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How to measure the success of your app

Introducing TAD — a unifying metric for mobile value creation

Two kinds of apps

Mobile apps have become a central part of our lives and the tech business. WhatsApp, Instagram and Snapchat have experienced extraordinary valuations. Yet in spite of mobile’s ubiquitous usage, value creation for mobile apps remains poorly understood.

Broadly speaking, there are 2 types of mobile apps on the market:

a) Apps that are a sales channel for a real-world product (Amazon,, Uber), in other words: “transactional apps”

b) Apps where the app itself is the product (Facebook, WhatsApp, Twitter), in other words “product apps”

For transactional apps, key metrics such as Conversion Rate and Basket Value are both widely established and well understood as they follow the same e-commerce logic known from selling on websites.

Product apps, however, often use a rather wild set of metrics (Installs, User Base, Virality, Stickiness, Retention) measured in any variety of ways to describe their app’s commercial traction.

This article focuses on Product apps only and introduces TAD — a unifying metric that will help mobile entrepreneurs focus on what really matters: long lasting user relationships.

One unifying metric

Total Active Days per User (TAD)

What is it?
It simply shows how many active days a new install spends in an app over his lifetime before churning.

Using the analogy of a relationship, it shows you how intensive and lasting the relationship between the user and the app is from the first meeting (install) to breaking up (churn).

To be very precise, the metric Total Active Minutes per User (TAM)
(TAM = TAD*Active Minutes per Day)
would be an even stronger metric since it takes into account usage intensity. However, since 60% of apps are only opened once and never again, let’s start by getting users to be active at all before working on increasing into usage intensity.

Why is TAD so important?
a) It directly shows your product quality.
You can use all the vanity metrics you want, only if users are actively using your app for a significant number of days, there is product-market fit.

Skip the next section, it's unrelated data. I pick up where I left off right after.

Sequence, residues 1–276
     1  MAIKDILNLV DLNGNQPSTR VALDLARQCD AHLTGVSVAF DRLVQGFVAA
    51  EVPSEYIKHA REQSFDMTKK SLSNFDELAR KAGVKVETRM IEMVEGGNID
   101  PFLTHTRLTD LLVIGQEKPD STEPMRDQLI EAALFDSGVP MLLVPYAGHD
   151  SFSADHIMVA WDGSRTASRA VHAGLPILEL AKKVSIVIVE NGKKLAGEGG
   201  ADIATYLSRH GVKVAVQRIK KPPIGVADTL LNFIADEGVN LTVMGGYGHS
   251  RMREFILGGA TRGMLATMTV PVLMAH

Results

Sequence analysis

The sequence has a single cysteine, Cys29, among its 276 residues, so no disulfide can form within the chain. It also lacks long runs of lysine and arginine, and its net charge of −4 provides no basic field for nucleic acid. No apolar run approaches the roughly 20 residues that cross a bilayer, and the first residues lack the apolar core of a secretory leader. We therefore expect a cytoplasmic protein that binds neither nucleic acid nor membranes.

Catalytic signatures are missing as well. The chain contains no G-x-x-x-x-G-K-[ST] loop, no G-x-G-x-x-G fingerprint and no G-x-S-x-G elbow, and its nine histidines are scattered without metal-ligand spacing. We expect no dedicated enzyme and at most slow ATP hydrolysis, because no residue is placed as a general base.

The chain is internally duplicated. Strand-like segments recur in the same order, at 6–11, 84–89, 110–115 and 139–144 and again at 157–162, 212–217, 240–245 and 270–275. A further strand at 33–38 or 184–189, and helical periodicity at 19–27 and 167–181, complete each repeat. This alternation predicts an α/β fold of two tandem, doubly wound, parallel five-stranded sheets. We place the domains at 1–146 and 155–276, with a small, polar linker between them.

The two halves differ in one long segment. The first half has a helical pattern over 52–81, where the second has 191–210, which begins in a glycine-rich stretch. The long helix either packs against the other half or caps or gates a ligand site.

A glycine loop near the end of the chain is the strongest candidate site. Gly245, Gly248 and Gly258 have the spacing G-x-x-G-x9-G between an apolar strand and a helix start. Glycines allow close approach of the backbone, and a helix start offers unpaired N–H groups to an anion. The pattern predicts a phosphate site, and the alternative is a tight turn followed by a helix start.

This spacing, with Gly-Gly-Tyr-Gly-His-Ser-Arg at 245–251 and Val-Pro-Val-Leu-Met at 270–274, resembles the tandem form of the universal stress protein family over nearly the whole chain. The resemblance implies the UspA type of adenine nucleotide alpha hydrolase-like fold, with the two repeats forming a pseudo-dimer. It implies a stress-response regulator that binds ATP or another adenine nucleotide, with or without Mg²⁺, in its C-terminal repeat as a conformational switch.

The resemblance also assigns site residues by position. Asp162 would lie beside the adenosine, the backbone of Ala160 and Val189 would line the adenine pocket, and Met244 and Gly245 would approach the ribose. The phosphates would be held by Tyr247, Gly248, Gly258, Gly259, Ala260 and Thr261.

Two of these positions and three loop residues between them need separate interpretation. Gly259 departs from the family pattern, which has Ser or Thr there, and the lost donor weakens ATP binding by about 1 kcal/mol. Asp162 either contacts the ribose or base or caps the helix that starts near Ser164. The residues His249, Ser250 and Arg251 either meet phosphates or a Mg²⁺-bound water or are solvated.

b) It directly links to your monetization and revenue potential.
No matter if you monetize through advertising or in-app purchases (IAP), you only get a shot at it when a user is actively using your app.

c) It directly links to the valuation of your company.
Don’t understand how WhatsApp or Snapchat can be valued in the billions of dollars without any substantial revenue? They are one of at most 10 apps in the world with hundreds of total active days per user (TAD).

Calculating TAD

The beauty of TAD is that you can estimate it in seconds by knowing your D1, D7, D30 retention rates (retention defined in the only correct way as retention ON that day, i.e. D7 Retention = #Users active ON Day 7 after Install / #Installs 7 days ago).
To find the Total Active Days per User (TAD) simply sum up all your Dx retention rates:

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Simple example: An app has a D0 retention of 100% (i.e. everyone uses the app on the day of install), D1 retention of 50%, a D2 retention of 25% and everyone churns afterwards (i.e. D3 and following retention of 0%).
TAD = 1 + 0.5 + 0.25 = 1.75 days

Spreadsheet to calculate your TAD

For a rough estimate, here is a google spreadsheet where you can enter your retention rates and get an estimate your app’s TAD (1st tab)

The power of TAD

Let’s take a look at the hypothetical case of billion-dollar social network (aka Instagram), a good game (aka Words with Friends) and a normal app.

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This is what retention looks like from D0 to D30 in a standard retention graph using the retention rates from above:

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Retention Chart for first 30 days

Whilst the billion-dollar social network already shows significantly more active days and less churn, the difference is still within a magnitude.

Calculating TAD for the first 30 days after install:
Billion-Dollar Social Network: 16.1 TAD
Casual Game: 6.3 TAD
Normal App: 3.1 TAD

Yet extending the chart to D720, we quickly see how long-lasting relationships with users change everything.

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Retention chart for first 720 days

TAD for 2 years after install:
Billion-Dollar Social Network: 116 TAD
Casual Game: 10 TAD
Normal App: 3.4 TAD